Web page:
To gain its own terms, SDG&E; has chosen to place obstacles in the way of its budding competition. It has tried to implement a plan to raise backup rates that increase the cost of co-generating to uncompetitive levels. It also seeks to decrease industrial rates on a case-by-case “negotiated” basis. In addition, SDG&E; has lobbied the Public Utilities Commission (PUC) and federal agencies to decrease payments to private generators who seek to sell electricity to the utility. Federal law requires utilities to buy this privately generated electricity, but the price paid for that energy is set by the PUC, and it is dropping quickly.

The utility is also playing games with its forecasting. At hearings addressing the future of co-generators and conservation, the company claims that it has no need for additional energy until the mid-1990s. At other hearings, SDG&E; expresses a need to invest in new plants and sign more long-term contracts with Southwest utilities within the next five years.

Utilities throughout California are taking action, although no others as severe as SDG&E;’s, to undercut the nascent competition. The utilities’ actions are premised upon the need to protect the “captive” small customers (residential and small business).

Consumer groups in California and other states recognize that small customer protection is a flimsy cover for the utilities’ true fear of competition.

UCAN harbors some concern that if competition is handled poorly by regulatory agencies, today’s competition could become tomorrow’s oligopoly. A similar deregulation and consolidation is occurring in the previously competitive airline industry. In the event of an energy shortage, an oligopoly market can exploit dependent customers. And, as evidenced in the telephone deregulation, small customers could possibly end up with higher rates and poorer service.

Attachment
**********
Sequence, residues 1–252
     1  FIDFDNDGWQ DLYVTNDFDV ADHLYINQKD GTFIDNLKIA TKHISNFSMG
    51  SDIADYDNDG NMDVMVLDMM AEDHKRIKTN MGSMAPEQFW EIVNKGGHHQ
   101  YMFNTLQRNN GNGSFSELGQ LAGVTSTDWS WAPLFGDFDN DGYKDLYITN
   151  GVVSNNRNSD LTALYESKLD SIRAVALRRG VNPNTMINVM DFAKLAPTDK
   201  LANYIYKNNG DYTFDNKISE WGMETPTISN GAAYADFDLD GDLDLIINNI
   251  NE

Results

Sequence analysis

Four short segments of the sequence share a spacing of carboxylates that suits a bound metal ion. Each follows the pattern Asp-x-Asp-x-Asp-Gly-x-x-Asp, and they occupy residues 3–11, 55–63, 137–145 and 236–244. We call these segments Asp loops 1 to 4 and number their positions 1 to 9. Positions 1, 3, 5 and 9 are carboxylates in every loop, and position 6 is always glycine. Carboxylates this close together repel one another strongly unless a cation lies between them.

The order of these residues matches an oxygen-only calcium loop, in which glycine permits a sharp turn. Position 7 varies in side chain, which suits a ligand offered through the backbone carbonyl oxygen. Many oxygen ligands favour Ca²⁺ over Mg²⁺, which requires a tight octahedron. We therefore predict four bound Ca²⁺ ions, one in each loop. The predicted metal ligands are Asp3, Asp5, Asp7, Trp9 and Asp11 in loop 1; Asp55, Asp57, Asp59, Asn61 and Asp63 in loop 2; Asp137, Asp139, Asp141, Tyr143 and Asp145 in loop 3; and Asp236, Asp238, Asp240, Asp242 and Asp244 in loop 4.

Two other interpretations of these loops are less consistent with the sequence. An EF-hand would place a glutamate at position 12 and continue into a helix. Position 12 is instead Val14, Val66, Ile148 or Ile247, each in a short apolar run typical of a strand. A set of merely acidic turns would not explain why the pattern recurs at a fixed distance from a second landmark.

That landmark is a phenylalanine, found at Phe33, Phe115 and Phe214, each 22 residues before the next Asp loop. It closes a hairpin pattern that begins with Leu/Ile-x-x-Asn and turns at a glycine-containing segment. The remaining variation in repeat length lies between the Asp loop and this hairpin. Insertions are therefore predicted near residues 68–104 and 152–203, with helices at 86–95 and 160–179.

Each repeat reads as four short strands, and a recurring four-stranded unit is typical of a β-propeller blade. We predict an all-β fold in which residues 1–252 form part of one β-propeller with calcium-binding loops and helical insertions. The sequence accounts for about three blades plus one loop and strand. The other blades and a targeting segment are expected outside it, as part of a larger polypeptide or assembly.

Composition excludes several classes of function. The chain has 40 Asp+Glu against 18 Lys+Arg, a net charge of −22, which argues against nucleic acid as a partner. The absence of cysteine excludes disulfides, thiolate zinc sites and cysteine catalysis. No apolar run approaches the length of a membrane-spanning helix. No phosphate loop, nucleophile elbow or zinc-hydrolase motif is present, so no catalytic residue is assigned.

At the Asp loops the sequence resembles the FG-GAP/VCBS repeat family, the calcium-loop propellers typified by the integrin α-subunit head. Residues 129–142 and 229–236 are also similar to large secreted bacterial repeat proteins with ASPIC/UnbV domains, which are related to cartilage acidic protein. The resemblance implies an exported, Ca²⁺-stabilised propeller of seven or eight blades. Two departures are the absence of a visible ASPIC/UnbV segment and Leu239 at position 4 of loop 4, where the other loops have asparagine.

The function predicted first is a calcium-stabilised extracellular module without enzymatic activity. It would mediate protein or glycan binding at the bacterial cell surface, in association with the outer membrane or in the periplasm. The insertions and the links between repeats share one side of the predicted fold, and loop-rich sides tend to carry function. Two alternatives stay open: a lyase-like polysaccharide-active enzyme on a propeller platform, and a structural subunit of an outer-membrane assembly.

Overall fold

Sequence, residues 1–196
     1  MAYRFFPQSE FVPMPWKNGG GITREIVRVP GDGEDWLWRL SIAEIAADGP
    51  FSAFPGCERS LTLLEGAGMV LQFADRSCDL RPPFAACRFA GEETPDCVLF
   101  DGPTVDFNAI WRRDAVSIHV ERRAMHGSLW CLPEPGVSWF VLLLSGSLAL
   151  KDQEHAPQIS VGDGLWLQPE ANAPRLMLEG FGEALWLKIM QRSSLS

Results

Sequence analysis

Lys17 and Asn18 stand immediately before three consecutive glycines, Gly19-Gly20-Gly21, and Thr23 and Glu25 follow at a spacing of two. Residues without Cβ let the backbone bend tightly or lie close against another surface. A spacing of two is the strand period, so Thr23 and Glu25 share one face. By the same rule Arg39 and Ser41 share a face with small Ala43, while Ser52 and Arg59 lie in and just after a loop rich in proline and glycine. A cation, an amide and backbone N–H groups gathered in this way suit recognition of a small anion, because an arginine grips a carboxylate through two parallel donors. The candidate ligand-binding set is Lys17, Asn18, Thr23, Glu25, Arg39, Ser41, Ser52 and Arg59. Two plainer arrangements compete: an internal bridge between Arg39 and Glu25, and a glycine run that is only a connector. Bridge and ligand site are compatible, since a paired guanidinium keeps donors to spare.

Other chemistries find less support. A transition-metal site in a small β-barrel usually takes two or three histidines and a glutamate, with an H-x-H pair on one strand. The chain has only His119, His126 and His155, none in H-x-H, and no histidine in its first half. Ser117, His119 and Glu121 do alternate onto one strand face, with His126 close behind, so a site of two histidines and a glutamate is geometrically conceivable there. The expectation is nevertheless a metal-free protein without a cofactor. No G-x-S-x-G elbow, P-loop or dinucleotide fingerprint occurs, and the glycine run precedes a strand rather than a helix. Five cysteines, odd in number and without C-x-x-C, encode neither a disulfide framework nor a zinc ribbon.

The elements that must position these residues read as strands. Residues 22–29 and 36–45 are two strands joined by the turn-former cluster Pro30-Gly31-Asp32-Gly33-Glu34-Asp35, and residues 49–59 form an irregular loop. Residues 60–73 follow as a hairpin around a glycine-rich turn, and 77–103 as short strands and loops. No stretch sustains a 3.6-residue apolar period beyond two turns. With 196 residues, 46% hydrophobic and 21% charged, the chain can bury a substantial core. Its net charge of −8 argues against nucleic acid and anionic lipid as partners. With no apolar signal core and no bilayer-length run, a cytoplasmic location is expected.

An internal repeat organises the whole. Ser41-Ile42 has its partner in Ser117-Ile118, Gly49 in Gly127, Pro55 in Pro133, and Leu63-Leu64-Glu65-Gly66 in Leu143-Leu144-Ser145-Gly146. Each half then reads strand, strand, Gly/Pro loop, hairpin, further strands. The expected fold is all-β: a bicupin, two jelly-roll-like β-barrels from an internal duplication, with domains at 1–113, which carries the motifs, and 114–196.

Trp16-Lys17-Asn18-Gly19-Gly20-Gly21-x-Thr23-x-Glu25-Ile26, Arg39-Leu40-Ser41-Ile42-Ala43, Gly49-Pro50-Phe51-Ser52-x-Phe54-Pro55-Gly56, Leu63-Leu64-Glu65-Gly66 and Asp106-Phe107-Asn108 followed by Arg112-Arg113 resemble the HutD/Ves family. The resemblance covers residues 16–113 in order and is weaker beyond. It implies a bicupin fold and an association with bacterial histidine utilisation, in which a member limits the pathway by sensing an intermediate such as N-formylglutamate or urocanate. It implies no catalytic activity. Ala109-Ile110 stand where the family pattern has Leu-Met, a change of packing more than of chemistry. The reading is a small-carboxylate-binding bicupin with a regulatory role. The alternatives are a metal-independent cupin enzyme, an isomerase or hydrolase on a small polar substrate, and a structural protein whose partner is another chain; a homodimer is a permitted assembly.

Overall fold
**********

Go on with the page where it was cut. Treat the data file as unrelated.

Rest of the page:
But the risks posed by competition may be worthwhile. The status quo is not satisfactorily working in small customers’ favor. State regulatory commissions are understaffed, underbudgeted and frequently captive to the moneyed persuasiveness of the utilities. Electric utility regulation is a notable example of the principle that most regulation is but a time-limited restraint upon most monopolies. Over time, the utilities have learned to stack the cards to their advantage.

Thus, small users and their advocates may be well-advised to support moves toward competition. They should work to ensure that if competition is to occur in the electricity generating level of the industry, then it should be true competition. All of the competitors should be subject to the rigorous disciplines of the open market. Generous rates of return need not be guaranteed. Losses should not always be shouldered by the ratepayers.

This isn’t a radical proposition. Private utilities, such as SDG&E;, differ from municipal utilities in that their main focus is the “bottom line.” Generally speaking, we’ve seen that private utilities are more prone to raise rates than slash costs. It is noteworthy that SDG&E; proudly advertises its rigorous employee slashing of 4%. It is less known to San Diegans that other similarly sized utilities have cut their staffs by more than 11% in the same time period.

The new game must be: build or purchase imported electricity at your own risk, and let the market determine what you can charge for electricity. By imposing the disciplines of the marketplace, utility management would need to be more accountable to its shareholders. Rather than a slap on the hand from the PUC, utility executives would face shareholders whose own money is at risk. These new rules should reduce the utilities’ need for capital by encouraging smaller generating projects or shifting building new capacity to others.

The utilities will oppose true competition since it enables the utilities’ past mistakes and miscalculations to come back and haunt them. However, long-suffering utility customers shouldn’t be expected to pay for the exorcism of the utilities’ poltergeists.